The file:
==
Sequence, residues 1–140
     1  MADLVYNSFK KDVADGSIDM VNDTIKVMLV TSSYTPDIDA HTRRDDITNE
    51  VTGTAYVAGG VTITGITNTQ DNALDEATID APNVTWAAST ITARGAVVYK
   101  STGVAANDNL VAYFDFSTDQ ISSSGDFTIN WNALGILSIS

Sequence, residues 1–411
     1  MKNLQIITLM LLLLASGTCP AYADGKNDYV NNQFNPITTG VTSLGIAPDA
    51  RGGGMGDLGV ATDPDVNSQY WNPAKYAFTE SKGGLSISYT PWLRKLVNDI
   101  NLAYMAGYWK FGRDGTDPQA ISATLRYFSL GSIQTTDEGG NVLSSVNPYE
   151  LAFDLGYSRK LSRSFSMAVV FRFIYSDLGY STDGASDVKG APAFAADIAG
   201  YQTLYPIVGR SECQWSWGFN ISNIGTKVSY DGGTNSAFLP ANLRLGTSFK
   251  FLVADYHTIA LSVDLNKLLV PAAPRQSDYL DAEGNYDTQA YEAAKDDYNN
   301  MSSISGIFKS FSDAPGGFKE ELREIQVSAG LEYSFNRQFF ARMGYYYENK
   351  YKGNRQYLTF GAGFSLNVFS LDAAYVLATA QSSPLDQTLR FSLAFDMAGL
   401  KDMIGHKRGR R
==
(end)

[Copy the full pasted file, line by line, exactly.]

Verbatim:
Sequence, residues 1–140
     1  MADLVYNSFK KDVADGSIDM VNDTIKVMLV TSSYTPDIDA HTRRDDITNE
    51  VTGTAYVAGG VTITGITNTQ DNALDEATID APNVTWAAST ITARGAVVYK
   101  STGVAANDNL VAYFDFSTDQ ISSSGDFTIN WNALGILSIS

Sequence, residues 1–411
     1  MKNLQIITLM LLLLASGTCP AYADGKNDYV NNQFNPITTG VTSLGIAPDA
    51  RGGGMGDLGV ATDPDVNSQY WNPAKYAFTE SKGGLSISYT PWLRKLVNDI
   101  NLAYMAGYWK FGRDGTDPQA ISATLRYFSL GSIQTTDEGG NVLSSVNPYE
   151  LAFDLGYSRK LSRSFSMAVV FRFIYSDLGY STDGASDVKG APAFAADIAG
   201  YQTLYPIVGR SECQWSWGFN ISNIGTKVSY DGGTNSAFLP ANLRLGTSFK
   251  FLVADYHTIA LSVDLNKLLV PAAPRQSDYL DAEGNYDTQA YEAAKDDYNN
   301  MSSISGIFKS FSDAPGGFKE ELREIQVSAG LEYSFNRQFF ARMGYYYENK
   351  YKGNRQYLTF GAGFSLNVFS LDAAYVLATA QSSPLDQTLR FSLAFDMAGL
   401  KDMIGHKRGR R